Divorce doesn't dissolve joint card debt
If you don't close joint accounts when you divorce, you're still responsible
Ask a question.
Dear Credit Guy,
My ex-husband and I opened a joint credit card back in 1998. We used it some and paid the entire thing off. In 2004, I left my husband and moved out. He used our credit card, which I thought was closed, and racked up over $4,000 in about three months without my knowledge. He eventually declared bankruptcy, but he did not put this card in his bankruptcy because I was on the card and I wasn't filing with him. Now, years later, I get a summons to court for this money and the creditor is not coming after him. Is there anything I can do? I did not sign for any of those purchases, and I wasn't living with him at the time either. I don't have much money. I am lost on what to do about this. I would appreciate any advice you could give me. -- Joanne
Unfortunately, the fact that you did not make any of the purchases on the credit card has no effect on your responsibility to pay. With a joint account, both parties are equally responsible for paying what is owed on the account, regardless of who made the purchases. For my readers who may be in a situation where they are splitting with someone with whom they have a joint account, you do not need the other person's permission to close the account. To be sure, close it yourself. (You can also brush up on our other tips on how to divide up debt during divorce.)
The first thing you need to do is find out when the account was charged off by the original creditor. The best place to learn this is by checking your credit report. Get a copy of all your credit reports from each of the three major credit bureaus via annualcreditreport.com.
Next, review your credit reports and determine when the last payment date was for the original account. The account has been placed for collections I am sure, but the date you want to know is the last payment date made to the original creditor. The reason I want you to learn this date is because of the statute of limitations for collecting a debt. It could be that the statute in your state for collecting this debt has expired. You can find out what the statutes of limitation for your state here.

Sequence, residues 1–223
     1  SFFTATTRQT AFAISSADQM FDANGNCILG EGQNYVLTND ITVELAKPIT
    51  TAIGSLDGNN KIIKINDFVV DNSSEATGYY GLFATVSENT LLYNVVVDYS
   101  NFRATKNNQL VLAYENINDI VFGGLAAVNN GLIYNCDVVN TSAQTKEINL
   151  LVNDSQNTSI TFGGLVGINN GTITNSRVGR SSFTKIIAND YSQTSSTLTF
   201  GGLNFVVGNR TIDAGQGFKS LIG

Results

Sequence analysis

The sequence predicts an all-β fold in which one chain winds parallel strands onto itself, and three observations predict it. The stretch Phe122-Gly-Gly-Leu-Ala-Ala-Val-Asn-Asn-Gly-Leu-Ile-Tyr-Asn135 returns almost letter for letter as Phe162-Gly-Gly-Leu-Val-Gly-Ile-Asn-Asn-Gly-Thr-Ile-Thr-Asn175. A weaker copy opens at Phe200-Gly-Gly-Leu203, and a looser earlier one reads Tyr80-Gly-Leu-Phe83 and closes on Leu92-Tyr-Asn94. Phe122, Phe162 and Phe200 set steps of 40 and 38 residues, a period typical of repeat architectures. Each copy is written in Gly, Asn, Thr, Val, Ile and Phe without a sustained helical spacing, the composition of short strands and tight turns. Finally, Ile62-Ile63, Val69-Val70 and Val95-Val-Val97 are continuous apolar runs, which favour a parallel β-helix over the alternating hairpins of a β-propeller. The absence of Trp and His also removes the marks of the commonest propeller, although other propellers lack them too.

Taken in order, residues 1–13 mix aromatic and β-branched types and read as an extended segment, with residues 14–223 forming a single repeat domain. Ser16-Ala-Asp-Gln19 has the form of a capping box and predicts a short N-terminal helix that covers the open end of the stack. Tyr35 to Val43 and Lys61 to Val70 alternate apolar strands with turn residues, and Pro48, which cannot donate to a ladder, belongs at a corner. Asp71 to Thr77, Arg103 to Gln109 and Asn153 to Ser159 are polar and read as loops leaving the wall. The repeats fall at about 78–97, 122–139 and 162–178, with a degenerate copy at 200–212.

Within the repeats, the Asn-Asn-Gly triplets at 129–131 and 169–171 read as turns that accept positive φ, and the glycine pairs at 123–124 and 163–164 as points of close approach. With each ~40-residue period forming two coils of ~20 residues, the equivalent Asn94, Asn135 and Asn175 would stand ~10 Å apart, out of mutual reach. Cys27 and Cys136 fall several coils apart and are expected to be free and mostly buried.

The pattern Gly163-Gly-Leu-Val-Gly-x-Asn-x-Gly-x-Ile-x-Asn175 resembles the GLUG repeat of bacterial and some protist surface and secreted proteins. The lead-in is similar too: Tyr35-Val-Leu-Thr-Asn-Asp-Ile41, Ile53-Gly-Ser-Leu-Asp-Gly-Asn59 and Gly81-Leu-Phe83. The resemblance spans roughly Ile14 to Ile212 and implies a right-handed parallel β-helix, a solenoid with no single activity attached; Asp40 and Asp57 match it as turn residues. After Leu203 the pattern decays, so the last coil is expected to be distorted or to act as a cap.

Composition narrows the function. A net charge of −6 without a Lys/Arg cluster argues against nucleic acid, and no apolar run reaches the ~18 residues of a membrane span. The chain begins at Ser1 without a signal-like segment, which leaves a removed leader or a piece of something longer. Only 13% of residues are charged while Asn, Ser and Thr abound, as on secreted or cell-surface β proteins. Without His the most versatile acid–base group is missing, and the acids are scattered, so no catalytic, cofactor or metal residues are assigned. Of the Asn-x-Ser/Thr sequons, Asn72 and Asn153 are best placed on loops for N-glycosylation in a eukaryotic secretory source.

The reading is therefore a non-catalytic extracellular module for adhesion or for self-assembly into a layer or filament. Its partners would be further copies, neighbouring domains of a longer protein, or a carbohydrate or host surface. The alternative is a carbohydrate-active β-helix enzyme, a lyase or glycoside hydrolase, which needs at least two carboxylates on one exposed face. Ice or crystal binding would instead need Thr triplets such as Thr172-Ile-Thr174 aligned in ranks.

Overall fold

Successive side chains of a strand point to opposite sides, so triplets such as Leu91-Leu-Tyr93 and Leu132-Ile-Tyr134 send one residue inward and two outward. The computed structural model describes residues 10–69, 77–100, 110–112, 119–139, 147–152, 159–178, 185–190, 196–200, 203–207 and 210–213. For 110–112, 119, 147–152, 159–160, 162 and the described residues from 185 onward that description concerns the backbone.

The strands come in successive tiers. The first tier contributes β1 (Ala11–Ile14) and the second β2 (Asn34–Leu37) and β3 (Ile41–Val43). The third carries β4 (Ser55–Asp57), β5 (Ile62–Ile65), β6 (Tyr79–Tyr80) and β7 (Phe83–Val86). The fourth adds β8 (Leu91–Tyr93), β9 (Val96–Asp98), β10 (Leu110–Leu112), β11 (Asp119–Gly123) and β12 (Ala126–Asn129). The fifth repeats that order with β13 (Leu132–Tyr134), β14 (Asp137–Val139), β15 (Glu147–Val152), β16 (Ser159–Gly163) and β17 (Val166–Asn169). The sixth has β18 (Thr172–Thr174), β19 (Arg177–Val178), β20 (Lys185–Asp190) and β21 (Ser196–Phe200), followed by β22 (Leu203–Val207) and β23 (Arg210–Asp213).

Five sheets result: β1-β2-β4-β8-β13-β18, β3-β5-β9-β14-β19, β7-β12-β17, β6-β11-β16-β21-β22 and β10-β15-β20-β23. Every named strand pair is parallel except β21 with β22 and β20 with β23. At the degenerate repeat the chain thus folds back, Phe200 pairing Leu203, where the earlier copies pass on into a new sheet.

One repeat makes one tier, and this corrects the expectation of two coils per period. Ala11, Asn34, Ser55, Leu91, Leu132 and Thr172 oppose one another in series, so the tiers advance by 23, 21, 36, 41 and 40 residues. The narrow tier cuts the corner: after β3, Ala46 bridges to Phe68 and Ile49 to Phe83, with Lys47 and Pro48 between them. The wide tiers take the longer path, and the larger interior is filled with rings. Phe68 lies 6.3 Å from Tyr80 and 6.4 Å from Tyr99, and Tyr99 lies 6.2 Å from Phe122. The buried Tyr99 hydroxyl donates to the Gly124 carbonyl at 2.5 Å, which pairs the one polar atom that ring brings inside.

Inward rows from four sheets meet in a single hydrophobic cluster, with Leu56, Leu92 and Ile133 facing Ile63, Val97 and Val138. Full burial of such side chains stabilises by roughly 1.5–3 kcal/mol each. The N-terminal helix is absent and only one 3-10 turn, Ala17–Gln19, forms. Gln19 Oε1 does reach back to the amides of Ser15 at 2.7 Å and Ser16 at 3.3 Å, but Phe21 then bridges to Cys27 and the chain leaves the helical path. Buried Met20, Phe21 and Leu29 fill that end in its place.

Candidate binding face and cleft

Typically, the clock starts running for the statute of limitations on the first date of delinquency, usually 180 days past due or when the account is charged off by the original creditor. However, this varies by state law, so you'll want to research this for your state. When you have a good idea of whether the debt is past the statute of limitations, you will know how to proceed.
If the statute of limitation has expired, then it is called time-barred debt, meaning that it has passed the time when you can have a court ruling against you over it. You can use that defense in court to have the case dismissed. Keep in mind, you must appear or send in paperwork (whatever the court requires) to make such a defense. Should the case against you be dismissed due to the stastute of limitations send a cease-and-desist letter to the creditor or collection agency. They must by law abide by your request.
The statute of limitations, unfortunately, does not prevent creditors from filing a lawsuit to collect the deb -- only from doing successfully, if you put up a fight. So, you will need to be vigilant about any court summons that might appear in the future and continue to use the expired statute of limitations as your defense.
Should the debt be within the time frame allowed to collect in the courts, you will need to appear in court to tell your side of the story. Come prepared with a monthly amount that you can afford to pay and documentation of your other monthly expenses to show the judge. If you do not appear to defend your case, the creditor will be granted a judgment in the amount due that can be used to garnish wages, levy your bank account or place a lien on any real property you own.
Take care of your credit!
See related: State statutes of limitation for credit card debt, Debt collection sample letters, How wage garnishment works -- and how to avoid it, Divorce and debt: Advice on dividing, paying off debt
Meet CreditCards.com's reader Q&A experts
Does a personal finance problem have you worried? Monday through Saturday, CreditCards.com's Q&A experts answer questions from readers. Ask a question, or click on any expert to see their previous answers.
- I paid off my card but stopped using it; will it be canceled? – Some creditors might cancel your card due to inactivity, which could affect your credit score. A simple fix? Use your card for everyday purchases ...
- Q&A: If I file bankruptcy, how will it affect my spouse? – Married and living in a community property state? Your spouse might be affected if you file bankruptcy, but you may have other debt-relief options ...
- Can 'right to offset' be applied to written-off card debt? – Banks ordinarily have the right to take funds from a customer's account to satisfy a default on another account from the same customer. The exception? credit card debt ...